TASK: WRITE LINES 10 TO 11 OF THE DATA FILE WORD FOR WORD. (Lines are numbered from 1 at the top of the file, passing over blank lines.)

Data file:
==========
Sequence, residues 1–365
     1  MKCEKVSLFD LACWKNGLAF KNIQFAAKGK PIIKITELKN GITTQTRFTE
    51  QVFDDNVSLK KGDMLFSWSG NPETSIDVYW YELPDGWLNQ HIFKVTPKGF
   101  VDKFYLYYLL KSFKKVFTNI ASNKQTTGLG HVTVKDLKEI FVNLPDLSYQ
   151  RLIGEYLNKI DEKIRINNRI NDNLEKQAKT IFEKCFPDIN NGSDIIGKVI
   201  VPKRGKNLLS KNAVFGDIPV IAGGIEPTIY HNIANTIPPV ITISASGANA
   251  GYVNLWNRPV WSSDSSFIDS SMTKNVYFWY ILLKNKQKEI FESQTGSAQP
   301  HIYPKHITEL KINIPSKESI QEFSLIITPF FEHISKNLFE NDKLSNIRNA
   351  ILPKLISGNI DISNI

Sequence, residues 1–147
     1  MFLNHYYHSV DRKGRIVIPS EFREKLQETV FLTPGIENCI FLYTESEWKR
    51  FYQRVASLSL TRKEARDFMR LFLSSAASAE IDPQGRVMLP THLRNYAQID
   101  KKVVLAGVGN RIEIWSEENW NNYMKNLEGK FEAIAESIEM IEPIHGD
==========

Sequence, residues 1–147
     1  MFLNHYYHSV DRKGRIVIPS EFREKLQETV FLTPGIENCI FLYTESEWKR